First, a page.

“Join us? No, no, it’s okay, we don’t even have our food yet. And there’s plenty of room.” He looked at Mallory. “Really.”
Dorelle looked extraordinarily pleased. But it was Mallory’s lifted eyebrow that made his chest thump a second time.
A lot harder than he would’ve expected.
allory had been relieved to discover the little town was actually pretty wheelchair-friendly. Yes, there were laws about that, but unfortunately some business owners weren’t above skirting those laws as much, or as long, as they could. At least until they got caught. But she’d been able to roll into every place they’d gone that day without too much problem, and the diner was no exception. Even sitting at the end of the booth wasn’t particularly awkward.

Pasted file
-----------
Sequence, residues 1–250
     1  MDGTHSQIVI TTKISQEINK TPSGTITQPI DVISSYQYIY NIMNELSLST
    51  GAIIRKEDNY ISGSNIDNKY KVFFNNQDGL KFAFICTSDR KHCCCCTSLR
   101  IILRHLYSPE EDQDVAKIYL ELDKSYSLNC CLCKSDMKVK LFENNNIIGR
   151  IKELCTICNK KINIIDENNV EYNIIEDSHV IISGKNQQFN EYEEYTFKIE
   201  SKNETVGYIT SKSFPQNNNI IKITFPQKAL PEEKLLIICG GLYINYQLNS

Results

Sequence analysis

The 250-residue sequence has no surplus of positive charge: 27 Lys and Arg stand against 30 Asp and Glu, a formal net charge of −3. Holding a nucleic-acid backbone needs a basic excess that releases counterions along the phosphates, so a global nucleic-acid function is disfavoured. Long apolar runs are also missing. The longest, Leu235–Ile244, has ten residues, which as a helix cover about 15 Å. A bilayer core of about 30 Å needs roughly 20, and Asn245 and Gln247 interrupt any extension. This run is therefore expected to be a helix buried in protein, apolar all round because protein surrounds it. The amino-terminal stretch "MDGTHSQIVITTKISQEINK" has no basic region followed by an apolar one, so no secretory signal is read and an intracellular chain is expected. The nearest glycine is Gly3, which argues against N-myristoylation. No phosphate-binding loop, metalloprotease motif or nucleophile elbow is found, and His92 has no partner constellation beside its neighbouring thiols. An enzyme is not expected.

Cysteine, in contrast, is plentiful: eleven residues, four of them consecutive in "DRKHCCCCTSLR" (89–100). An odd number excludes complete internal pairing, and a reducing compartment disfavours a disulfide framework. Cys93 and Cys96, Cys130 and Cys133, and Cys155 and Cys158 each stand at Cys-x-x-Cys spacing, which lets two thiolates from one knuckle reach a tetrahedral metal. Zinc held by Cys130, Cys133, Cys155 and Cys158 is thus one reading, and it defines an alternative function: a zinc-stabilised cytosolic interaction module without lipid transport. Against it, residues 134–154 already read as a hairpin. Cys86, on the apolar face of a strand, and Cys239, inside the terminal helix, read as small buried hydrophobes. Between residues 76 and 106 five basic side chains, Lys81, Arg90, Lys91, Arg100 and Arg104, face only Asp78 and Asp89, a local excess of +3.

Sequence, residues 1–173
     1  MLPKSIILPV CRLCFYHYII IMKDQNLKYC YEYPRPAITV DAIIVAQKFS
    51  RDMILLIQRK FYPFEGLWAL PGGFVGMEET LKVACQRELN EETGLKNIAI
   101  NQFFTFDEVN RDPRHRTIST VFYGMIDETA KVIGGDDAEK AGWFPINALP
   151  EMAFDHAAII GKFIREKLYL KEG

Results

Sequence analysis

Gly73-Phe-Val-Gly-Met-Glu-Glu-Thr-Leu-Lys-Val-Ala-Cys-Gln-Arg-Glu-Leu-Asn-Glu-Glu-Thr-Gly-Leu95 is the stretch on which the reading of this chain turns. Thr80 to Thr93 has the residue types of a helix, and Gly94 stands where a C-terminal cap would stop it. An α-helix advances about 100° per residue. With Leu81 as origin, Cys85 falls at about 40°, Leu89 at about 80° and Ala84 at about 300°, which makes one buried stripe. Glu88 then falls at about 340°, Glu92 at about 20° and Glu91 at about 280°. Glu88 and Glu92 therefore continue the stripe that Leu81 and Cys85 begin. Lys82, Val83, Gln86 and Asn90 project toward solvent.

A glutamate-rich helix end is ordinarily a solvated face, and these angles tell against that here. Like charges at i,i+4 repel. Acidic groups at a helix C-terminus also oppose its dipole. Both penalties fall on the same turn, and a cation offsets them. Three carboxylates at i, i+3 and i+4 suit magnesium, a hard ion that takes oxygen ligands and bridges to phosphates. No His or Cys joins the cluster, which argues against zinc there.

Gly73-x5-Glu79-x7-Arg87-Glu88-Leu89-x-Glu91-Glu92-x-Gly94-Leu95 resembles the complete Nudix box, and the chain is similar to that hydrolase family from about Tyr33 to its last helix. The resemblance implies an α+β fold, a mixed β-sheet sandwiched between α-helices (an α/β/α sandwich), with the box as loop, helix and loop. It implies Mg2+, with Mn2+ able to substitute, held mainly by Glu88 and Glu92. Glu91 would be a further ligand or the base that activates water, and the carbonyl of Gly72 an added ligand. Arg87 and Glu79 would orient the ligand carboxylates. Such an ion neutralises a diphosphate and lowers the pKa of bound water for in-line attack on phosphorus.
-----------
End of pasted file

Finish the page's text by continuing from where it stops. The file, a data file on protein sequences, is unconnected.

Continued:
Sitting three feet away from Zach, however, was another issue entirely.
Not that he wasn’t as polite as always. Friendly, even. And he was the one who’d invited her and her mother to sit with them, although she wouldn’t go so far as to say it was his idea. Again, polite. His mama had raised him well. But all the good manners in the world weren’t enough to erase the tension in the set of the man’s jaw, the sadness lurking behind his tired smile. How damn hard he was
Just kill her now.
Such a gentle face, she thought, stealing a glance at his profile as he quietly, but firmly, put the kibosh on Liam’s attempts to stuff French fries up his nose. Gentle, but strong, too, shouldering his obvious pain with grace and courage.
Tears stung Mallory’s eyes as she tried to choke down a bite of her own burger. Sometimes, this empathy stuff was for the birds—